For foreign governments, the single-handed action
has become outdated in the education export sector.
This year, campaigns launched by foreign institutions
of higher learning to enroll Chinese students take on
one outstanding feature: They come in the form of government
representations. Thirteen national administrations appear
to organize exhibition delegations in the China Education
Expo 2005, which was concluded recently. This ensures
that all institutions attending the exposition are regular
colleges and universities, and it also gives play to
the advantages that the entirety has to offer, and underscores
the charm of national exhibition delegations.
The national exhibition delegations signify that the
foreign student industry is catching attention from
governments thanks to considerable foreign exchange
earnings. Meanwhile, the diversity of institutions attending
these education exhibitions indicates that this industry
is becoming mature in China. In particular, the participation
of financial institutions is of major significance to
interfacing education with capital.
According to data from UNESCO, China has quickly become
the world's largest source of students studying abroad.
At present, about 120,000 Chinese students go abroad
to pursue studies at their own expenses each year. Foreign
countries are making great efforts to attract Chinese
students. Chinese students studying abroad spend heavily
on foreign schools. These schools have found a source
of revenue that seems inexhaustible.
Among Chinese students studying abroad in recent years,
self-financed students account for an absolute majority;
the percentage has exceeded 90 percent. According to
a survey on Chinese students studying abroad, among
75,000 Chinese students and 15,000 visiting scholars
in the United States, only about 2,500 are funded by
the government, with the rest being self-financed students.
Among 80,000 Chinese students in Japan, more than 70,000
are self-financed; 35,000 of 40,000 Chinese students
in the U.K. are self-financed. In emerging hotspot countries
for foreigner students like New Zealand, among 17,000
Chinese students, government-funded students account
for less than one-thousandth.
Whether in terms of the total number or in terms of
the figures for specific countries, self-financed students
now account for a major percentage among Chinese students
abroad. This is a big market that no one affords to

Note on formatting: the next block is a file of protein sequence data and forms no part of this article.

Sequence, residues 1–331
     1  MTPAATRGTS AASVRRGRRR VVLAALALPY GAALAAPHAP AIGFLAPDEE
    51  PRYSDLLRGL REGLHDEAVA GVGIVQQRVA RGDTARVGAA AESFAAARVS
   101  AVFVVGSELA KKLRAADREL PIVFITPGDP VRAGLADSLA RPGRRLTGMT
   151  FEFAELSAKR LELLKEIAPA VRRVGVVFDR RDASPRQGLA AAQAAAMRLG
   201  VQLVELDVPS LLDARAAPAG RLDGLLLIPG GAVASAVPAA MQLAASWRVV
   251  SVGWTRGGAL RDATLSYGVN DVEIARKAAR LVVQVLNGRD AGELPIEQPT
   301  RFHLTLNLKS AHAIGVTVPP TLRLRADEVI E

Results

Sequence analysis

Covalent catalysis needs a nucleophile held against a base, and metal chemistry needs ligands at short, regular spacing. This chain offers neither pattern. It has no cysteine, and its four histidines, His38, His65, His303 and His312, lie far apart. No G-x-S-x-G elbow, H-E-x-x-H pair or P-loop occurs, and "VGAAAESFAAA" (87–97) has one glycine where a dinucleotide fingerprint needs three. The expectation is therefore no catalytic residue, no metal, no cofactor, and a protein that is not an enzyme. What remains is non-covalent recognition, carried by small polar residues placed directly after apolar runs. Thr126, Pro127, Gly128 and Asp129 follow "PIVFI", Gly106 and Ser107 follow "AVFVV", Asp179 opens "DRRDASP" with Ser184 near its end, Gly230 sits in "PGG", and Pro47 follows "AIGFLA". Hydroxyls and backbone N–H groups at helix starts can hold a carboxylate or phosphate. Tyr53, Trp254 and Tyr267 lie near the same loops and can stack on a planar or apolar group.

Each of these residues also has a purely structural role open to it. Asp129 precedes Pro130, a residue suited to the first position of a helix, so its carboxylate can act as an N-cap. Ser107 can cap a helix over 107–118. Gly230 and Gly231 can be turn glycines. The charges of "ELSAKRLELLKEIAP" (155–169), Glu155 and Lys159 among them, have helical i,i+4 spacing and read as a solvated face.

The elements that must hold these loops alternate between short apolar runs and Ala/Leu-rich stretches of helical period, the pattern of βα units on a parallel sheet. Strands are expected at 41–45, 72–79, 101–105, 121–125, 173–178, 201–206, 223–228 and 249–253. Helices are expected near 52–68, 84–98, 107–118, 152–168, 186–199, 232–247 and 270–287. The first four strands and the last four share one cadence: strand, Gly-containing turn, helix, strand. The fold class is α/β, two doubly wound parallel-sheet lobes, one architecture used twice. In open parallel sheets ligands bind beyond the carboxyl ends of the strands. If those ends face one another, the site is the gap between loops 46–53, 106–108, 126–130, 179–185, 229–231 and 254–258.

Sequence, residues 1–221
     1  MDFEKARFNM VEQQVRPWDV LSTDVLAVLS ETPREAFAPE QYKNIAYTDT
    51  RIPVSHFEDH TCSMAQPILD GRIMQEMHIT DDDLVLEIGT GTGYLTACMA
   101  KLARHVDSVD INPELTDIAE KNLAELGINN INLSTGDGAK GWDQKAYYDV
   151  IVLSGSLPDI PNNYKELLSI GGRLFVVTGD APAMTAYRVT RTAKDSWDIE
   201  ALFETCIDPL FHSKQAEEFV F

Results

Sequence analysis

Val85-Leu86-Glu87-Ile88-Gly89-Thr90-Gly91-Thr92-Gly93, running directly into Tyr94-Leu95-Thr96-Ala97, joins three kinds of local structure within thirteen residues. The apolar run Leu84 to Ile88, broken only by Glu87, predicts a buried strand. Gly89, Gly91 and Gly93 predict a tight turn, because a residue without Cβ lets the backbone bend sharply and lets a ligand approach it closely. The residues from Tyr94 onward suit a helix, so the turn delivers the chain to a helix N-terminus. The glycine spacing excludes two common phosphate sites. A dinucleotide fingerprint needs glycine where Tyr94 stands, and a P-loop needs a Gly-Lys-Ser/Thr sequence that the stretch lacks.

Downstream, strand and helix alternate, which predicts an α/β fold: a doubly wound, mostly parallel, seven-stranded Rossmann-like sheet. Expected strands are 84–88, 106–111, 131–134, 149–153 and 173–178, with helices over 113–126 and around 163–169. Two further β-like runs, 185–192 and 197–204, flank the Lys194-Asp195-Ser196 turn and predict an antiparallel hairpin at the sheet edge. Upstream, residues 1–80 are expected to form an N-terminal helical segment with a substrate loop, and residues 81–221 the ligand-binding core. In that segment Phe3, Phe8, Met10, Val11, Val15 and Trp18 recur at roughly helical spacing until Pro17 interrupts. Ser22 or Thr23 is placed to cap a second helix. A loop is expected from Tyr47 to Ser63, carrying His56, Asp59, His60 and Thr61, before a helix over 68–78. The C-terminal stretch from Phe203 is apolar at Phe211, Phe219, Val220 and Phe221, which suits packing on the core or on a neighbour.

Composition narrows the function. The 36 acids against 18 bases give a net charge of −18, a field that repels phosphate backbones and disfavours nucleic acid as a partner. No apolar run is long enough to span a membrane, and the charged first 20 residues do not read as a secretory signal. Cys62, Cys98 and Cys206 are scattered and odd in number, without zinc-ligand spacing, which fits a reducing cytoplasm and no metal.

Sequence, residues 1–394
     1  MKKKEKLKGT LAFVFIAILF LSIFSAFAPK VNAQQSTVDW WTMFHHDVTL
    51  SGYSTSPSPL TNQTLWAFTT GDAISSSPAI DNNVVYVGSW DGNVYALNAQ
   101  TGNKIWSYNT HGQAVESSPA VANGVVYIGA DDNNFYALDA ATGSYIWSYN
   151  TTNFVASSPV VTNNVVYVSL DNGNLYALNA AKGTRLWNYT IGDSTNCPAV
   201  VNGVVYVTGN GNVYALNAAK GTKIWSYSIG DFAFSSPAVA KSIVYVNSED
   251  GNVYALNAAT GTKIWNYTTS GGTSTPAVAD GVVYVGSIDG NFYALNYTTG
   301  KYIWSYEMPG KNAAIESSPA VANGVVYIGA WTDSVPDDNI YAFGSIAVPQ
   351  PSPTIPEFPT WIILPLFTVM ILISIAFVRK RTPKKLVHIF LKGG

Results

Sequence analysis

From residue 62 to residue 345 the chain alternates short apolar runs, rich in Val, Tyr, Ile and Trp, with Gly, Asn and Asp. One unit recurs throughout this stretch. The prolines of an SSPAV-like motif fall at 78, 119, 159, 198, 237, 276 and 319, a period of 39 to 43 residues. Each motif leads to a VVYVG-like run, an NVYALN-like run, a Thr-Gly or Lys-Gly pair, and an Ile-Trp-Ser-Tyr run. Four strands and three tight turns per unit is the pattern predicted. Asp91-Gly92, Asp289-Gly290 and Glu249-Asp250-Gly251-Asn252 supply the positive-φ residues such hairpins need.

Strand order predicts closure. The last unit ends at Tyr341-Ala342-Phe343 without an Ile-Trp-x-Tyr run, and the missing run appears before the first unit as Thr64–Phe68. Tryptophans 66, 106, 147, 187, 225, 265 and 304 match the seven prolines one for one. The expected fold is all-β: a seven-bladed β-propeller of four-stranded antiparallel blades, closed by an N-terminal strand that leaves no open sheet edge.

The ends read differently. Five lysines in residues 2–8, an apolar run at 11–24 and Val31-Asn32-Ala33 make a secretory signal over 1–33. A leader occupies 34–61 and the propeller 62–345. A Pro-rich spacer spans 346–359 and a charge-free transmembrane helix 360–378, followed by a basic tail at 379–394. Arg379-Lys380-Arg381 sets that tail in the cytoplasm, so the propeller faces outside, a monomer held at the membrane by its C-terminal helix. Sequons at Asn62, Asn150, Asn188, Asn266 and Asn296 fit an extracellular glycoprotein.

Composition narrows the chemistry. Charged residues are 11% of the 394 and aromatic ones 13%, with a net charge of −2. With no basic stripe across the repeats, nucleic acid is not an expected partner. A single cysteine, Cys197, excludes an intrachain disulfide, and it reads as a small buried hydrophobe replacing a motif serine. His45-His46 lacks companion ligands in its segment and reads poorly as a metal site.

Therefore, developed countries take education export
as a measure to stimulate economy; furthermore they
are coveting China's education market. Mr. Ke, who has
been dedicated to consulting of studying abroad for
nearly three years, describes the entire foreign student
industry, which ranges from training, tests, consulting
to fairs, until studying and living services, with "highly
profitable". "The chain extends from China
to other countries. The major links are becoming perfect,
with more and more derivative service offerings. The
business opportunities brought about by those who pursue
studies abroad for this industry are expanding".
It is learned that Australia's Department of Immigration
issue 20,000 student visas to people from Mainland China
each year, accounting for nearly 16 percent in the total
number of student visas it issues. China tops the list
of major sources of foreign students in Australia. Chinese
students yield a revenue of about AU$2 billion a year
for Australia. Currently, education ranks fourth among
Australia's top export industries to China, following
traditional resources like wool and minerals.
At present, foreign students take up more than 15 percent
among college students in the U.K. They generate a revenue
of some over US$2 billion a year, more than double the
total export value of coal, electricity and natural
gas each year. This, coupled with the daily expenditure
of foreign students, provides a staggering amount of
foreign exchange income for the country.
According to Zhang Zhixin, an expert in this industry
who just returned to China after conducting investigation
abroad, a large quantity of scholarships are launched
because of the increasingly fierce competition in the
China market. More and more countries and institutions
of higher learning are scrambling for students in the
China market. They tend to compete for greater market
shares by offering scholarships.
Recently, a host of new scholarships have been launched.
This, in experts' opinion, can be explained by the fact
that now foreign governments have found out that Chinese
wage-earners take up a major percentage in the foreign
education market. Scholarships attract these families
and help them achieve their goals. Therefore, they offer
scholarships and adopt other incentive policies to keep
stimulating and tapping this market.